The Black Cloud launches monthly Descent electronica nights

LIGHTS OUT: The Nov. 10 Descent show at The Black Cloud will feature sets by local DJs Paul “Fafnir” Lehto and Heinrich “Esuna” Arnold. Fafnir, pictured, describes the ambience he’ll seek to create with his set: “I aim to achieve a dark, cerebral experience by drawing from neurofunk.” Photo by Cindy Kunst

In creative and entertainment media, the “alternative” label is tossed around so freely that it risks losing its meaning. Hidden away in the basement of a building on West Asheville’s main thoroughfare, a bar called The Black Cloud aims to restore that meaning. With a heavy metal/Goth vibe that sets it apart from most venues in town, The Black Cloud is now hosting Descent, a monthly DJ showcase. The second installment of Descent happens Saturday, Nov. 10.

Laura Beach is a bartender at The Black Cloud. Known by the nickname “Queen of Cups,” she’s very much into heavy metal. “Despite me being the metalhead that I am,” she says, “I’ll always have a soft spot for electronic music.” She says that many patrons of the beer bar requested an electronic music-themed night. Because of The Black Cloud’s size, live music isn’t often practical, but — especially when focusing on electronica — DJ sets make sense. With a name that refers both to the bar’s underground location and the dark tone of the music, Descent launched in October.

The first event featured local DJs Electrocute and Grimkitty. With a vaguely sinister yet sometimes downtempo aesthetic, Descent’s primary musical character is described as encompassing darkwave and “witch house.” Beach laughs when trying to describe the latter: “Imagine spooky trap music, like Goth kids making hip-hop electronic beats.”

Such sounds might seem a departure from the metal that characterizes The Black Cloud’s usual fare. But bar owner Brett Morgan sees Descent as a good fit. He says that the cold, industrial aesthetic of the bar — “pretty much no warmth at all” — lends itself to metal, “a logical accompaniment to the overall vibe and feel of the venue. But darkwave fits in, as do Goth and other forms of ‘dark’ music.” Morgan expresses an affinity for music that is “empowering, dark and emotionally moving. And if the bar can be a home for events that speak to those who identify with a subculture, and who might find comfort being themselves in this environment, then I’m all for it.”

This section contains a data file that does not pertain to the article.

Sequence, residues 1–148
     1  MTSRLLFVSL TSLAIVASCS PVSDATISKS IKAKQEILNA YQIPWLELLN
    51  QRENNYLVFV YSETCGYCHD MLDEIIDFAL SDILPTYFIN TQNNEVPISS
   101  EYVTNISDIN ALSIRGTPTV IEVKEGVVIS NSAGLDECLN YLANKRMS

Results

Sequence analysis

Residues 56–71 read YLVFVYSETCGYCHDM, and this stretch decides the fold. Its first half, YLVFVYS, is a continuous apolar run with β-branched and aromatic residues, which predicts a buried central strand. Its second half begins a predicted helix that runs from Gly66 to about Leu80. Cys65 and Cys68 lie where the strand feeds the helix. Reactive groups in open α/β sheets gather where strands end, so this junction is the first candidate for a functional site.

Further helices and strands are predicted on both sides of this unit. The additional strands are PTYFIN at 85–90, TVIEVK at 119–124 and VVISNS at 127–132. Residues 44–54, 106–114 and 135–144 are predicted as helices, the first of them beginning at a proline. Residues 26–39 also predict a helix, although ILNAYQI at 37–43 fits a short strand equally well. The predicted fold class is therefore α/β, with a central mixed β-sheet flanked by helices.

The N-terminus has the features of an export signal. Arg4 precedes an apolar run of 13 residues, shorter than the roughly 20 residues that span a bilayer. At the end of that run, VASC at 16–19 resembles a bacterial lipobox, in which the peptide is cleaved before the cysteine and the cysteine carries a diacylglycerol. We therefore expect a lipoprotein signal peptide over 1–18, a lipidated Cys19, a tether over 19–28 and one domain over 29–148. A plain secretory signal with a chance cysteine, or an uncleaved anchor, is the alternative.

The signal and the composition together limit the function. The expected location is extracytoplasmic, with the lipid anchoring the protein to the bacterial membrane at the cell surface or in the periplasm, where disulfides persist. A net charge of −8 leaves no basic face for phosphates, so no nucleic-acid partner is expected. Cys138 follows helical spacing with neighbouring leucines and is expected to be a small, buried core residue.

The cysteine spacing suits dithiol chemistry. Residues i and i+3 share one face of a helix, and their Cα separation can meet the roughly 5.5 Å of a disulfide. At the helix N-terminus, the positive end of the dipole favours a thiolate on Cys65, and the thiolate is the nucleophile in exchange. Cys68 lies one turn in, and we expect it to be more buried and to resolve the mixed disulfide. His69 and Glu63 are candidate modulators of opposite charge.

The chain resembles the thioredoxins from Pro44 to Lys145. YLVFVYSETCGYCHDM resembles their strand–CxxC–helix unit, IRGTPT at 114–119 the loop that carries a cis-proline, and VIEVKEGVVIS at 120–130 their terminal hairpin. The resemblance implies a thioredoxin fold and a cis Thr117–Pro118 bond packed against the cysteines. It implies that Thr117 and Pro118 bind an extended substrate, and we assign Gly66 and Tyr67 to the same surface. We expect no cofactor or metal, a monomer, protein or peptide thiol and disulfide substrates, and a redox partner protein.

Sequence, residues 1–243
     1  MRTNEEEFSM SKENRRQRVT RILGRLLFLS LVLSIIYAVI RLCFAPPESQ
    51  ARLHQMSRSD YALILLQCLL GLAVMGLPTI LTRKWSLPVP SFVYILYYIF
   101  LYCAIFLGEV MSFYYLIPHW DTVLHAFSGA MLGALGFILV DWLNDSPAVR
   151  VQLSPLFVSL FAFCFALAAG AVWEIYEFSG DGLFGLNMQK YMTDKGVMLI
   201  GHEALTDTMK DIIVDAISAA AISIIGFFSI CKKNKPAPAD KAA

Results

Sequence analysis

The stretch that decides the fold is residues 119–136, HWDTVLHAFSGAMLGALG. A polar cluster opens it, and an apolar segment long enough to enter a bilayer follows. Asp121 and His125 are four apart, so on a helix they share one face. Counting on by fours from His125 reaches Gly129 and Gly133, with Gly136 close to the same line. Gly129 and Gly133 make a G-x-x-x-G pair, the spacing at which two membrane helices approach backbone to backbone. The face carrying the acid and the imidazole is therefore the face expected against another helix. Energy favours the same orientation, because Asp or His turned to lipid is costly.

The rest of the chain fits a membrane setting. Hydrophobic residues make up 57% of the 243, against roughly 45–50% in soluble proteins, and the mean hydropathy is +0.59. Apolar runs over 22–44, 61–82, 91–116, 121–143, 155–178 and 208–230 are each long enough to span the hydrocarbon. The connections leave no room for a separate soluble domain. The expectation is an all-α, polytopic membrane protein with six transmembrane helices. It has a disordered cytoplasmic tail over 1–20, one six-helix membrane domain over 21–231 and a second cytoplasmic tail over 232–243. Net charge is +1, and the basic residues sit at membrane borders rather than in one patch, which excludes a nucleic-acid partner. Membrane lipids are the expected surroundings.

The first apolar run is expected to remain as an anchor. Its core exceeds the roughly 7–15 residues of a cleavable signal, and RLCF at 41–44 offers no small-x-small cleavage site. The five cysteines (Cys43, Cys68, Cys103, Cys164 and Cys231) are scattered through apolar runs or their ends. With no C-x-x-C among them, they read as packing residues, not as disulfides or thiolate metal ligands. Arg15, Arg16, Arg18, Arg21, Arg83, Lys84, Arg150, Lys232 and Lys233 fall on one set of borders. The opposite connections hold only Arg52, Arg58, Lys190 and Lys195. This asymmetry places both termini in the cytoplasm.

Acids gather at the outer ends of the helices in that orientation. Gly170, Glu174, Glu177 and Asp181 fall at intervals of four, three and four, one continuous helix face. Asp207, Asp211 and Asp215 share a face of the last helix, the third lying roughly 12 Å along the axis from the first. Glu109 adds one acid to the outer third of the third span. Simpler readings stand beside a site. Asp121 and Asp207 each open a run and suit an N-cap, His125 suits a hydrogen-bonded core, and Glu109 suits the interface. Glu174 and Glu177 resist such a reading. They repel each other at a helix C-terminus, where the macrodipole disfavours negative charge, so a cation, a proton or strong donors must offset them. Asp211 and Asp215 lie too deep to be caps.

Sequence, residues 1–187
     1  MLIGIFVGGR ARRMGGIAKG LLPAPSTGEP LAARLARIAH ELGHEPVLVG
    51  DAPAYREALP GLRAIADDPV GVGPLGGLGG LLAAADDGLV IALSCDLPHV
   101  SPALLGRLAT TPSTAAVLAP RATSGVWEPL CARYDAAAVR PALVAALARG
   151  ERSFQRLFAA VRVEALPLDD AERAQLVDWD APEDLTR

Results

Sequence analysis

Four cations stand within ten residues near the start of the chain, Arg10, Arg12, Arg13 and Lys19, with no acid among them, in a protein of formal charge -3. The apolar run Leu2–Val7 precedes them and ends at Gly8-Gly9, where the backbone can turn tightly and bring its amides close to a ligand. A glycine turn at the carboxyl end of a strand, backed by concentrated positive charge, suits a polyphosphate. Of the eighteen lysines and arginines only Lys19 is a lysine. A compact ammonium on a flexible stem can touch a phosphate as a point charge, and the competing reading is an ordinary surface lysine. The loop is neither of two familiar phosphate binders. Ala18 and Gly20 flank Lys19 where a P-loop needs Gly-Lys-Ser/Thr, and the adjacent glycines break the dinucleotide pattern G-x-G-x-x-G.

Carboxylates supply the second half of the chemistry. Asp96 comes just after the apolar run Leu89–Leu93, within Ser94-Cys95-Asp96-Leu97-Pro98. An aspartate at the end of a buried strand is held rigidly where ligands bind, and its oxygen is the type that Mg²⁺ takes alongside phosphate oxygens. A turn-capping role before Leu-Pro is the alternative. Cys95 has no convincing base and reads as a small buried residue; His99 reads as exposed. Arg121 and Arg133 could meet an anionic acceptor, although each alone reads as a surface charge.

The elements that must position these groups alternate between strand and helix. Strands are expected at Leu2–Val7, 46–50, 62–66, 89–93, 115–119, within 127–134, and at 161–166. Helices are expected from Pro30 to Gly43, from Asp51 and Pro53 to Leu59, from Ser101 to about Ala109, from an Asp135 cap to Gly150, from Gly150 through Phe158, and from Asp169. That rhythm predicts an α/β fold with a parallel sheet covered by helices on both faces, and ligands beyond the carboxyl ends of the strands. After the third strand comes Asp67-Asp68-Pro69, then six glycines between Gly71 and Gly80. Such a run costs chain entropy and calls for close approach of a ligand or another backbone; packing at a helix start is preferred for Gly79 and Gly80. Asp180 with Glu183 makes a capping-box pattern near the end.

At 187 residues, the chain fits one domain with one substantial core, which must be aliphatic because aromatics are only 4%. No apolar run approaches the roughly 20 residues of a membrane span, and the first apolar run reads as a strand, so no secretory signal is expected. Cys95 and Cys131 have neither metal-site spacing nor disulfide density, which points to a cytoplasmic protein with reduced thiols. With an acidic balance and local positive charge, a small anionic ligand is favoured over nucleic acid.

The first Descent drew a crowd — regulars and newcomers alike — packing The Black Cloud. “My regulars are into heavy metal, but there’s some overlap between the metal and electronic communities,” Beach says. And because that event took place the same weekend as the medieval-themed Festival of Heroes, it drew more interested patrons. “There’s crossover between the Pagan and electronic music communities, too,” she observes.

Beach says that the DJs selected for spots at Descent spin a mix of their own tracks and those of other artists. “There’s a certain art to reading a room,” she says, and she seeks out DJs adept at doing so. But the process of finding those artists isn’t really that complicated. “Most of the time, it’s just who I know,” she admits.

But because Beach has plans to continue the Descent series indefinitely, she encourages like-minded DJs and/or electronic artists to get in touch. “I hope to do this the second Saturday of every month, so I would love to hear from more people,” she says.

The Nov. 10 Descent will feature sets by local DJs Paul “Fafnir” Lehto and Heinrich “Esuna” Arnold. Fafnir describes the ambiance he’ll seek to create with his set: “I aim to achieve a dark, cerebral experience by drawing from neurofunk.” He quotes British music critic and author Simon Reynolds’ description of the drum-and-bass subgenre as “the fun-free culmination of jungle’s strategy of cultural resistance: the eroticization of anxiety.” He cites artists Enei, Silent Witness and Jam Thieves as representative of the kind of music he’ll spin.